More than three years into the pandemic, the millions of people who have suffered from long Covid finally have scientific proof that their condition is real.
Scientists have found clear differences in the blood of people with long Covid — a key first step in the development of a test to diagnose the illness.
The findings, published Monday in the journal Nature, also offer clues into what could be causing the elusive condition that has perplexed doctors worldwide and left millions with ongoing fatigue, trouble with memory and other debilitating symptoms.
The research is among the first to prove that "long Covid is, in fact, a biological illness," said David Putrino, principal investigator of the new study and a professor of rehabilitation and human performance at the Icahn School of Medicine at Mount Sinai in New York.
Dr. Marc Sala, co-director of the Northwestern Medicine Comprehensive Covid-19 Center in Chicago, called the findings "important." He was not involved with the new research.
"This will need to be investigated with more research, but at least it's something because, quite frankly, right now we don't have any blood tests" either to diagnose long Covid or help doctors understand why it's occurring, he said.
Putrino and his colleagues compared blood samples of 268 people. Some had Covid but had fully recovered, some had never been infected, and the rest had ongoing symptoms of long Covid at least four months after their infection.
Several differences in the blood of people with long Covid stood out from the other groups.
The activity of immune system cells called T cells and B cells — which help fight off germs — was "irregular" in long Covid patients, Putrino said. One of the strongest findings, he said, was that long Covid patients tended to have significantly lower levels of a hormone called cortisol.
A major function of the hormone is to make people feel alert and awake. Low cortisol could help explain why many people with long Covid experience profound fatigue, he said.
"It was one of the findings that most definitively separated the folks with long Covid from the people without long Covid," Putrino said.
The finding likely signals that the brain is having trouble regulating hormones. The research team plans to dig deeper into the role cortisol may play in long Covid in future studies.
Meanwhile, doctors do not recommend simply boosting a person's cortisol levels in an attempt to "fix" the problem.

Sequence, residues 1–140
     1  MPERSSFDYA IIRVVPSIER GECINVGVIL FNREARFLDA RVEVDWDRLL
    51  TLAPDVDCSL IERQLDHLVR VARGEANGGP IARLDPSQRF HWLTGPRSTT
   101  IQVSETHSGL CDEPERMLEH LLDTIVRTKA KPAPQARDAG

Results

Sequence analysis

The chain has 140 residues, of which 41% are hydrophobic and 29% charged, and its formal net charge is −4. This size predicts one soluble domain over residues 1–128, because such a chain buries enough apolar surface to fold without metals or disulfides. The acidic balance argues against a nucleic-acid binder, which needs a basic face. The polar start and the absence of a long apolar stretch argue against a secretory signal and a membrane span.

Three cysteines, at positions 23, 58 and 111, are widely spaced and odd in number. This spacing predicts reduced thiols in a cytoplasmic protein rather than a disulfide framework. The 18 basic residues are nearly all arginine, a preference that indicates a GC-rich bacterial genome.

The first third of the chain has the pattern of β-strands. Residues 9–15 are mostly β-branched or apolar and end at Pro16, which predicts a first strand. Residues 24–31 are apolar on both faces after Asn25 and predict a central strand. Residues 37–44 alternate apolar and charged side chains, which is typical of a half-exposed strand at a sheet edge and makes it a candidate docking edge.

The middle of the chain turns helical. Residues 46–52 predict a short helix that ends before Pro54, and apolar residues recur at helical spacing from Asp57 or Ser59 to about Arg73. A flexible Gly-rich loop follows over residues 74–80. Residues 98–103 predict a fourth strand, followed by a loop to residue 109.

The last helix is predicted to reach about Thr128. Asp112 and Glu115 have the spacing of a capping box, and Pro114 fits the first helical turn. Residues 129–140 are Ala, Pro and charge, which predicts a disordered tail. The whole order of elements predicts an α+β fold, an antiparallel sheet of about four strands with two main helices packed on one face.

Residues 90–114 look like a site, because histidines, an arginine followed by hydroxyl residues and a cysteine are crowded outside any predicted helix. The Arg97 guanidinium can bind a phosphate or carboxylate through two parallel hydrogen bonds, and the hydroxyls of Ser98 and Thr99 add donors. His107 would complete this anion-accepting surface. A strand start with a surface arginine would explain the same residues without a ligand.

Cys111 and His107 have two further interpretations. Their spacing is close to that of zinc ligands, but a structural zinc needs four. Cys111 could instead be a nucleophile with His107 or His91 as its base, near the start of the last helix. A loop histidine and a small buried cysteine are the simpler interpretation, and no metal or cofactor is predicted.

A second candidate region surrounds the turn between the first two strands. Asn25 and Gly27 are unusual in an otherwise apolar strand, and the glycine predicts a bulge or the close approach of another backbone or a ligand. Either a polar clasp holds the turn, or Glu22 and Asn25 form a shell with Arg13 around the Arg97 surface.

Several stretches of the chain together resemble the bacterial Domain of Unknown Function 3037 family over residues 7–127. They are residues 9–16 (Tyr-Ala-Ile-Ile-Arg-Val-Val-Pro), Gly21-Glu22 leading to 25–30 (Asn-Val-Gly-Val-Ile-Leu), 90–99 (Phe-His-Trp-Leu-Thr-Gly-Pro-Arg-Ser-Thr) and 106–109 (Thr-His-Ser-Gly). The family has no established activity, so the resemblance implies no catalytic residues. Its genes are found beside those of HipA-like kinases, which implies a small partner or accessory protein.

"There is no evidence that replacing cortisol in someone with long Covid would be a safe or effective thing to do," Sala said.
The study also found that dormant viruses, such as the one that causes mononucleosis, Epstein-Barr, come alive again in long Covid patients. It's unclear, however, whether those old viruses are causing symptoms or flagging a problem within the immune system.
"We were looking for signals, and we found them," said Akiko Iwasaki, one of the researchers and a professor of immunobiology and molecular, cellular and developmental biology at the Yale School of Medicine. "Now what we need to do is home in on each of these signals and understand better how the disease has been driven by these signals."
The investigators did not find significant evidence that long Covid is the result of an autoimmune disorder, in which the body attacks itself.
Dr. Clinton Wright, director of the National Institute of Neurological Disorders and Stroke's division of clinical research, said additional studies will be necessary to find other ways Covid may lead to long-term symptoms. One theory is that the virus is hiding in brain tissue or other organs.
"We're really interested in whether the virus still exists in reservoirs in the body," he said. "It's really hard to do that by measuring blood." He was not involved with the new study.
Long Covid affects 1 in 13 U.S. adults, or 7.5%, according to the Centers for Disease Control and Prevention.
The findings offer hope to patients like Joshua Roman, 39, of New York City, who participated in the study.
"We're in such a mysterious swamp of symptoms," he said. "My long Covid treatment is just management of symptoms."
Roman, a professional musician who plays the cello, takes daily medication to ease the lingering physical trembling that affects his ability to perform.
"It would be great if we could get to the thing that's causing me to shake in the first place, but we still don't know exactly what that is," he said.